Source: Insurance, Banking & Negotiable Instruments Law Teaching Material
Insurance as a mechanism of transfer of risk has great economic and social benefits to the individual insured, his family and the country in general. The following are some of the major benefits.
Indemnification for Losses
Payment of compensation by the insurer for losses permits individuals and their families to be restored to their original financial position after a loss has occurred. As a result, they can maintain their financial security. Since they are restored either in part or in whole after a loss occurs, they are less likely to seek financial assistance from relatives and friends. It also allows businesses to remain in business and employees to keep their jobs, suppliers will continue to receive orders, and customers can still purchase the goods and services they desire. The community also benefits because its tax base is not eroded. Businesses and families who suffer unexpected losses are restored or at least moved closer back to their previous economic position.
The advantage to these individuals is obvious. The society also gains because these persons are restored to production and tax revenues are increased. In short, the indemnification function contributes greatly to family and business stability and therefore is one of the most important social and economic benefits of insurance.
Reduction of Worry and Fear
Another benefit of insurance is that it reduces worry and fear, both before and after loss. For instance, if family heads have life insurance for adequate amount to cover the future needs of their families, they are less likely to worry about the financial security of their dependents in the event of their premature death. Persons insured for long-term disability do not have to worry about the loss of earnings if a serious illness or accident occurs. Property owners who are insured enjoy greater peace of mind since they know that they are covered (they would be compensated) if loss occurs to their property.
Source of Investment Funds
The insurance industry is an important source of funds for capital investment and accumulation. Premiums, which are collected by the insurer in advance, usually at the time of conclusion of the contract and other funds which are not needed to pay for immediate losses and expresses, can be loaned to businesses or invested in manufacturing, real estate... sectors. These investments increase the society's stock of capital goods and promote economic growth.
Insurance, through compensation of losses, also encourages new investment. For instance, if an individual knows that his or her family will be protected by life insurance in the event of premature death, his or her and the family's financial resources are protected by various types of property insurances, he/she may be more willing to invest savings in a long-desired project such as a business venture, without feeling that the family is being robbed of its basic income security. In a way a better allocation of resources is achieved, i.e., idle funds/deposits are used for a more productive purpose. As insurance is an efficient device to reduce risk, investors may also be willing to enter fields they would otherwise reject as too risky, and the society benefits from increased services and production.
Means of Loss Control
Although the main function of insurance is not to reduce loss but merely to spread/distribute losses among members of the insured group, insurers are nevertheless vitally interested in keeping losses at a minimum. Insurers know that if no effort is made to prevent or minimize occurrence of insured risks, losses and hence premium would have a tendency to rise. It is human nature to relax vigilance when they know that the loss will be fully paid by the insurer.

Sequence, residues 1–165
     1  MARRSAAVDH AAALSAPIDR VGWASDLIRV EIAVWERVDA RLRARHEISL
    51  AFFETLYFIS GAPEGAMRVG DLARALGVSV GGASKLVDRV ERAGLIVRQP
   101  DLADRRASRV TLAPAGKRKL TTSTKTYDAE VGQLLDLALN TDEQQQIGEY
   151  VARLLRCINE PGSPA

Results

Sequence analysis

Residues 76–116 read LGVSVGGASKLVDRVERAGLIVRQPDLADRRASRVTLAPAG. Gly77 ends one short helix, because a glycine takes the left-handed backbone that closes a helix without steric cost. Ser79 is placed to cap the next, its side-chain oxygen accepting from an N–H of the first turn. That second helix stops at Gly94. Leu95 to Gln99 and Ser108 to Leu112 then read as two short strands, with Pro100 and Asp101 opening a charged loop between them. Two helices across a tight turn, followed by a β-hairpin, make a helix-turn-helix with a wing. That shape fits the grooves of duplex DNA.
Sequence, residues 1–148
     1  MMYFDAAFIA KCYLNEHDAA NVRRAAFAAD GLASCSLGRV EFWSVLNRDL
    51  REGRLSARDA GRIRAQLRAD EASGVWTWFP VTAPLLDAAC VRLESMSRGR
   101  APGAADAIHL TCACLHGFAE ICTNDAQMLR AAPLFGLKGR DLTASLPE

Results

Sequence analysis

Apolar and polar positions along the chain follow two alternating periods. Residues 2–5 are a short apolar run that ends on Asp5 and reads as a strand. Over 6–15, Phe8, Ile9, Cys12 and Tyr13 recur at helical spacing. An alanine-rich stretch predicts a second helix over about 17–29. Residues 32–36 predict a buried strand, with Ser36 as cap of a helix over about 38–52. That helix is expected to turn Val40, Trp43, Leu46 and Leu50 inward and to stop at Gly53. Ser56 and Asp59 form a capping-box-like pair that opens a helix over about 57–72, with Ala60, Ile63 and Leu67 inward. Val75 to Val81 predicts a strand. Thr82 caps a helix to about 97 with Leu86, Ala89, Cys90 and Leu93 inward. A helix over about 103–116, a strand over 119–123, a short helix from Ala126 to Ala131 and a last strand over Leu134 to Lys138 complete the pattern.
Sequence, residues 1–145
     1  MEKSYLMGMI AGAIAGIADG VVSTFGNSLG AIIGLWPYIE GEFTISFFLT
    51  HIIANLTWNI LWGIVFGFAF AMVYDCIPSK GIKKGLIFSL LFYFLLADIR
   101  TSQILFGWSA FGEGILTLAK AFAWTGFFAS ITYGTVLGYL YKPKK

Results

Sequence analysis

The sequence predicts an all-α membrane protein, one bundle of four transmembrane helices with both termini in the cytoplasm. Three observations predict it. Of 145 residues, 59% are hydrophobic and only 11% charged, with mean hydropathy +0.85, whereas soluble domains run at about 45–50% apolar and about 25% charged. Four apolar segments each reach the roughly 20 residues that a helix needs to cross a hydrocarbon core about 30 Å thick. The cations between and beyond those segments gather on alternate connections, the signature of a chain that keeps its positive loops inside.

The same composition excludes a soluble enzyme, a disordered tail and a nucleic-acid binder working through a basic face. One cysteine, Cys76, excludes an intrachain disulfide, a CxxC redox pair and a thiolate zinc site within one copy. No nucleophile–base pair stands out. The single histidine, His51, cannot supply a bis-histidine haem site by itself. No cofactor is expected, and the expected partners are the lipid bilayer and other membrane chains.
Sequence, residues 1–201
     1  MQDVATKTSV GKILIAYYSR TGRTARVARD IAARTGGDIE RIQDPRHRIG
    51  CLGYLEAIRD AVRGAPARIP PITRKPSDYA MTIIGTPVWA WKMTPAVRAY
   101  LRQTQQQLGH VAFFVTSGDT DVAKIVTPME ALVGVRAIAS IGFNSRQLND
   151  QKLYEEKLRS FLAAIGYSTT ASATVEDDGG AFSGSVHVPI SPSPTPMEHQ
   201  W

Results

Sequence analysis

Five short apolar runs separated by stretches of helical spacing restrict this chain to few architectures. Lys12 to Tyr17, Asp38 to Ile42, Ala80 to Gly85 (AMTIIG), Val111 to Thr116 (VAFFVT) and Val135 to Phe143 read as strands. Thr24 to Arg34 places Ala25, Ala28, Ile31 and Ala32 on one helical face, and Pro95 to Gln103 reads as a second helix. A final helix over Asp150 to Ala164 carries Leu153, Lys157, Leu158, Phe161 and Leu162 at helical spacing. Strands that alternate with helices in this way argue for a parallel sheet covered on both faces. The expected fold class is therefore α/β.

The following illustrations are some of the areas in which insurance companies play a very important role in loss prevention and control:
- Development of fire safety standards and public education
- Recovery of stolen properties
- Investigation of fraudulent insurance claims and thereby deterring intentional destruction of property and life
- The insurance industry also finances programs aimed at reducing premature deaths, accidents and illness.
Insurance enhances a person's credit, i.e., it makes the borrower/debtor a better credit risk because it guarantees the value of the borrower‘s collateral/mortgage or pledge/, and gives the creditor /lender greater assurance that the loan will be repaid. For instance, when a house is purchased on credit provided by a lending institution, the lender normally requires a property insurance on the house before the mortgage loan is granted.
The property insurance protects the lender's financial interest if the property is damaged or destroyed. Similarly, if a purchase of an automobile is financed by bank or other lending institution motor vehicle insurance may be required before the loan is given. It also enhances small businesses‘ competitiveness. Small businesses would not be able to compete with big businesses without an insurance to which they transfer risks to their assets. This is true because in cases where risks occur they would be compensated and the business remains in the market. However, in the absence of insurance, the occurrence of a certain loss may destroy the business and put it out of the market. Big businesses on the other hand, may safely retain some of such losses even in the absence of insurance.
Hence, insurance through payment of compensation for losses will keep small and medium businesses in the market and enable them to maintain their competitiveness.